Archives

Misericordia

The man forced Álvaro against the blacktop
and shot him. To Álvaro’s bloody hand,
the last inch of yellow-painted asphalt

felt like God’s skin, plastic
under the rosary. Beyond road, desert.
A kind of burning love filled him.

Prayers blocked the low sun from his eyes:
his wife gardening, an illuminated snakeskin,
the coyote lifting stones

to sip at the water pooling in the desert night.
The man still stood above him,
watching him pray.

Álvaro saw suddenly that the man was God.
God’s silence, God’s bloody hands, God’s unflinching eyes.

Álvaro realized he had been waiting for this for years.
“I forgive you,” he whispered.

Around them, the sunset blushed mercifully through the desert.
The sirens neared, drawn by the stain of Álvaro’s blood

on the uniform of God, by the copper toll
of sacrament. Within the lacerated chamber of his heart,

Álvaro whispered, “A ti te perdono.”
God nodded. God reached down

to grasp Álvaro’s joined hands.
Together, they arose painfully

into the blue dark
that lives in the desert

outside of heaven.

The Hyacinth Gardener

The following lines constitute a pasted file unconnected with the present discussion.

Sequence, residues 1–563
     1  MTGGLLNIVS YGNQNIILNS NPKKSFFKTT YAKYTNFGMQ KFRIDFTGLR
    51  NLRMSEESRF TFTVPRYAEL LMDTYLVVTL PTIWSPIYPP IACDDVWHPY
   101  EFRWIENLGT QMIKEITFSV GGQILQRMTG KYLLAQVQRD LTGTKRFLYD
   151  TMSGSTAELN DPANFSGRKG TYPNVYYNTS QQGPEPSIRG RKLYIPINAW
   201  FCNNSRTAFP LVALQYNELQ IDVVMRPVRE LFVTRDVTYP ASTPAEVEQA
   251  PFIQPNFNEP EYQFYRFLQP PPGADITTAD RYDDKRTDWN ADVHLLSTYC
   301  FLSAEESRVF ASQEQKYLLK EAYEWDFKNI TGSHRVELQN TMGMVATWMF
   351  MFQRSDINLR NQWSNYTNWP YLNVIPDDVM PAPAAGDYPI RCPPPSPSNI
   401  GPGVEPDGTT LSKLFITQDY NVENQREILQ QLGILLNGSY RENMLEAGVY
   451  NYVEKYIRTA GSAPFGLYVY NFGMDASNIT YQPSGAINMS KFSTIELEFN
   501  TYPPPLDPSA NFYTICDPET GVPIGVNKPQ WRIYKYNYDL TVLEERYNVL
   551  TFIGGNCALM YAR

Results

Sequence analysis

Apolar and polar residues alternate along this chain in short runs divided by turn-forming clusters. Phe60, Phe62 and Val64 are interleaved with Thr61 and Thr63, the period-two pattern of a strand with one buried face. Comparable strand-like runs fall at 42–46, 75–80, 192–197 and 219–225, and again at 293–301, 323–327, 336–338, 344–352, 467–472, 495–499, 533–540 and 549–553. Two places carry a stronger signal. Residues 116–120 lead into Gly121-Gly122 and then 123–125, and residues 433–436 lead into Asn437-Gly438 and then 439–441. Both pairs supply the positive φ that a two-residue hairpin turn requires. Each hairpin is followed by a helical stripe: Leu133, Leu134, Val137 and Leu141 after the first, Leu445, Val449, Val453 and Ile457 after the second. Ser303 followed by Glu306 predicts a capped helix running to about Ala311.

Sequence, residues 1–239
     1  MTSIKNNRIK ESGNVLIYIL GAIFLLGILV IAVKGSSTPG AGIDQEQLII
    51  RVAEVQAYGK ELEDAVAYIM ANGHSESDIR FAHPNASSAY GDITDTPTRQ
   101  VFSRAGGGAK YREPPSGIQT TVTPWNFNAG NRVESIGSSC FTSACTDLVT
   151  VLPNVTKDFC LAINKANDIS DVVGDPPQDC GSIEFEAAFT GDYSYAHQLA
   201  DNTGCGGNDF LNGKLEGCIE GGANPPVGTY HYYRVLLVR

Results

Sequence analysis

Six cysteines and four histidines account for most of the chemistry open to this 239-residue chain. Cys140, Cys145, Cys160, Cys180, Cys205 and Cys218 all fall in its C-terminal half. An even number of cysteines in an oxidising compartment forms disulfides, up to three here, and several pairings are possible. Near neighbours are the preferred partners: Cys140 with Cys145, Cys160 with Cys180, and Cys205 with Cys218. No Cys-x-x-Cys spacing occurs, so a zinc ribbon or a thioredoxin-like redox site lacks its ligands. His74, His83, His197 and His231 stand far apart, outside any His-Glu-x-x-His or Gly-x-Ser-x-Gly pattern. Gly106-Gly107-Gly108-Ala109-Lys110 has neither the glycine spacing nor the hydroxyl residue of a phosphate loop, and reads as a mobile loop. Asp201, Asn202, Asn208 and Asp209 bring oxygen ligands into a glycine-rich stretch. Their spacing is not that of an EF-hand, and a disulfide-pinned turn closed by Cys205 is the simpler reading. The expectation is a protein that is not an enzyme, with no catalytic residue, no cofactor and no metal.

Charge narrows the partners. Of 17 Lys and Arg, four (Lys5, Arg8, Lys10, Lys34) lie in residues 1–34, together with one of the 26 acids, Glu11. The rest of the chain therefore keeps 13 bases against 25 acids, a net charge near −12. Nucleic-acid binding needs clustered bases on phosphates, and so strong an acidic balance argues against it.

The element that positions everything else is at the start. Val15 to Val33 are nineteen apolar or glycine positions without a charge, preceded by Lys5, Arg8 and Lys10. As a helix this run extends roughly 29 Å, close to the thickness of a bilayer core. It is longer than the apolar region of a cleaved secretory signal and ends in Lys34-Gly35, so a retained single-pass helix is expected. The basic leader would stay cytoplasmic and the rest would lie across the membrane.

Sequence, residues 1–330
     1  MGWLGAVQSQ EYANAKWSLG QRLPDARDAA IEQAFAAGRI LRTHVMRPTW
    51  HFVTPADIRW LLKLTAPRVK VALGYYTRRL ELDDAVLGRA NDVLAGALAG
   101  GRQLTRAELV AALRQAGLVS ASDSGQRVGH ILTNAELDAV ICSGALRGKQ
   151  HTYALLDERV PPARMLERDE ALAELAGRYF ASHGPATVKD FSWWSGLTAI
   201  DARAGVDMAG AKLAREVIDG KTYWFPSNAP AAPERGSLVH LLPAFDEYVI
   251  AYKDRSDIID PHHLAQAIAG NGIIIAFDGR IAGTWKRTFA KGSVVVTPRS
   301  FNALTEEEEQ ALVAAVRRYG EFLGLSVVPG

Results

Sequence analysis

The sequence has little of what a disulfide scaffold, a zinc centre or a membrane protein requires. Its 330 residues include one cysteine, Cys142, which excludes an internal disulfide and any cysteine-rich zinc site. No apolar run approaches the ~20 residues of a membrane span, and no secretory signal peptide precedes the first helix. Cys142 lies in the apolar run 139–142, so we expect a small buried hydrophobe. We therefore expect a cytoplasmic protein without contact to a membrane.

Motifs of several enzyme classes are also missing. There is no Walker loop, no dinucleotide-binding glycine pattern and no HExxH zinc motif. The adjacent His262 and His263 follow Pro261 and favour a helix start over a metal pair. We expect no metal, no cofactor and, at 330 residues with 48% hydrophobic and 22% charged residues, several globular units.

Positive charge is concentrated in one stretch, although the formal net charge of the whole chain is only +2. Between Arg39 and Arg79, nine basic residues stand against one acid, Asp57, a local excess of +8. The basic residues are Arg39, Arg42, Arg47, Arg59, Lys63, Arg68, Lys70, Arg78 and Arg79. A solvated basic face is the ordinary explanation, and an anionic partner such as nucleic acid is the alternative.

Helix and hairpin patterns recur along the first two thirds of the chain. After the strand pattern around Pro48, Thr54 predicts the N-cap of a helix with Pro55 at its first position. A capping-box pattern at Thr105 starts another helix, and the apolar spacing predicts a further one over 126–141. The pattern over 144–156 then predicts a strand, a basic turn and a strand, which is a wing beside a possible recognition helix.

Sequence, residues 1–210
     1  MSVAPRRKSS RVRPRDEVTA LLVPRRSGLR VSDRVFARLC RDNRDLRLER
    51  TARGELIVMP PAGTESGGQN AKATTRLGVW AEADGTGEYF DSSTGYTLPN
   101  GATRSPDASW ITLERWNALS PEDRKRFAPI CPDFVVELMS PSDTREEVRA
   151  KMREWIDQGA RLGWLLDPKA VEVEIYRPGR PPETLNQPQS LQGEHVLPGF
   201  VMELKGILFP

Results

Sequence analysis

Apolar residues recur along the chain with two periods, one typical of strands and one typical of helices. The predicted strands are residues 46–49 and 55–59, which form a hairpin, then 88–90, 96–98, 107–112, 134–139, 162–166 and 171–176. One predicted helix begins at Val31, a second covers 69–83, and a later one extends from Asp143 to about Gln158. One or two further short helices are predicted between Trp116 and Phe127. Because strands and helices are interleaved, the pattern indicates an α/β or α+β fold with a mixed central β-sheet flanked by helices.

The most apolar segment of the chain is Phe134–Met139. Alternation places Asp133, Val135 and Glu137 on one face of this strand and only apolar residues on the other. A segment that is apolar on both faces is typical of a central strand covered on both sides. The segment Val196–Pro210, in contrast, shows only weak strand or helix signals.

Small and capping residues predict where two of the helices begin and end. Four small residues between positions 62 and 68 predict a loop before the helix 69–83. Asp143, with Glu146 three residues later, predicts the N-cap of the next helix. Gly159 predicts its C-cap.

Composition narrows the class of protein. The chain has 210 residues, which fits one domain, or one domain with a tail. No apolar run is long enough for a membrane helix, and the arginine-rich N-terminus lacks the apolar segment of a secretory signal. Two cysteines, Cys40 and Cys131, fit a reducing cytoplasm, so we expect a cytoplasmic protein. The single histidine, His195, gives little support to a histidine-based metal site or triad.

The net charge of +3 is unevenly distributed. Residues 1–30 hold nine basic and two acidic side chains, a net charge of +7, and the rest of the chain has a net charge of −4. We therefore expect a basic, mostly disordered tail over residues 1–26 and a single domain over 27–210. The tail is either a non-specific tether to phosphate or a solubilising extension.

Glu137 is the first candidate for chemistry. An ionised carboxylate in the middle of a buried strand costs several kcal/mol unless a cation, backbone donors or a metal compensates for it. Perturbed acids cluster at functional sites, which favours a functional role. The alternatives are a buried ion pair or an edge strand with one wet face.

In Chestertown, I was a murderer,
killing the lovers of all my lovers;

I borrowed shovels and lye from the farmers,
made fertile the earth, chastened the dirt;

I planted chrysanthemums and lungs
and ladyfingers and painted tongues

and delphiniums (which are normally blue
but which turned—with iron—a violet hue;

it’s easy to soften beds for two
when a third softens into blooms);

and planted a rose for every one of my unkindnesses,
of which there were many, and a daffodil for every joy,

and in spring I was a lover again,
flowers in hand, jealous and smiling.

Little Lies

In Storms

Near the end of 19th century, when the child was chubby-cheeked with wild curls and a sensitive red nose, Maryanne cried during storms. One particularly stormy night, she wailed in Mother’s lap and screamed when thunder cracked in the sky. Mother hushed her and sighed gently. She said over and over that the storm wasn’t going to hurt her and to stop crying before she dribbled everywhere. This helped the child about as much as salt on a wound.

Finally, Mother whispered to her that storms were angels fighting the demons away from the heavens. The battle couldn’t reach them so long as they stayed inside. Maryanne wiped her red, puffy face with her wrist and demanded an explanation.

“Lord have mercy, I’m not supposed to tell you this. The priests don’t want us scarin’ you young children, but I’m telling you ‘cause you’re scared enough to begin with.”